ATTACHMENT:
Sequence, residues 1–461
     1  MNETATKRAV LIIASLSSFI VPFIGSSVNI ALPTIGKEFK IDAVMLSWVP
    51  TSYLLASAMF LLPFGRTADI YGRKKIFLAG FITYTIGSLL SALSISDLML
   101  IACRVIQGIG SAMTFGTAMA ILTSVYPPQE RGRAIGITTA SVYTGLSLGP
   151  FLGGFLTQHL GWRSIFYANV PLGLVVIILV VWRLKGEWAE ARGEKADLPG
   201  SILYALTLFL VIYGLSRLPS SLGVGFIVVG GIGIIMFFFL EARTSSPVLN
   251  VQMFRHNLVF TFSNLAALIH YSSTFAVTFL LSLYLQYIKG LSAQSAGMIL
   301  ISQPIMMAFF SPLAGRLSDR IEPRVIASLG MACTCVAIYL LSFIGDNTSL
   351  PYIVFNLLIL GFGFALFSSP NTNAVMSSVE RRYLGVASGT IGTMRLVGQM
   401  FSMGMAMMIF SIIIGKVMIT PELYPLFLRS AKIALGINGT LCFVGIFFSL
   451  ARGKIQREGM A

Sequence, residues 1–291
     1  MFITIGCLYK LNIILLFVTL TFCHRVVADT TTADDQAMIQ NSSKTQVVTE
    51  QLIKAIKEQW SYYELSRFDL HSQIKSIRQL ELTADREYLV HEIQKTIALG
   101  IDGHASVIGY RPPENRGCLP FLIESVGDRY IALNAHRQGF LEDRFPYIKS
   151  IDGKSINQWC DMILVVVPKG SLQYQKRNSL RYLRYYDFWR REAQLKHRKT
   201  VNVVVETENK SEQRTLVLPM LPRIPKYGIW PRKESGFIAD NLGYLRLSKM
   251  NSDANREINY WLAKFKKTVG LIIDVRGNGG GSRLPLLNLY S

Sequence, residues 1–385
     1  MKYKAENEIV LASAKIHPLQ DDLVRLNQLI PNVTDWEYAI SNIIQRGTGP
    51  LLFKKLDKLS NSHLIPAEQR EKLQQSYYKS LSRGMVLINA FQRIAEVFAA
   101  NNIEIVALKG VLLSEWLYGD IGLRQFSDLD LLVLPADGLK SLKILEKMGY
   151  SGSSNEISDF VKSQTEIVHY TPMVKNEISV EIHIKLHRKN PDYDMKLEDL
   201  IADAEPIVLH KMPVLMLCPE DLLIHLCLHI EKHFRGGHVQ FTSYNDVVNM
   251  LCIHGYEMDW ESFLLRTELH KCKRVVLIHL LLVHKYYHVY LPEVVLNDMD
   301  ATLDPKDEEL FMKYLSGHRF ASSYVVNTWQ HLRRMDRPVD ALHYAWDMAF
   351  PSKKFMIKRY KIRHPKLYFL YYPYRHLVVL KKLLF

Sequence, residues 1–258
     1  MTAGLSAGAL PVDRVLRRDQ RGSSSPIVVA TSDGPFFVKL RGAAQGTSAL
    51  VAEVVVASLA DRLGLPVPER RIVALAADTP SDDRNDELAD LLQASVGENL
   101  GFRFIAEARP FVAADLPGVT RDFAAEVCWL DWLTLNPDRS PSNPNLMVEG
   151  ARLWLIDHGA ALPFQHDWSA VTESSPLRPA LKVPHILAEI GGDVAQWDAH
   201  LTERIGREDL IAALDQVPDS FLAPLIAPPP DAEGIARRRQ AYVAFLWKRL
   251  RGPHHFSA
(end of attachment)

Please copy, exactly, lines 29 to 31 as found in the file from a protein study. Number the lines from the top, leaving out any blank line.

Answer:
     1  MTAGLSAGAL PVDRVLRRDQ RGSSSPIVVA TSDGPFFVKL RGAAQGTSAL
    51  VAEVVVASLA DRLGLPVPER RIVALAADTP SDDRNDELAD LLQASVGENL
   101  GFRFIAEARP FVAADLPGVT RDFAAEVCWL DWLTLNPDRS PSNPNLMVEG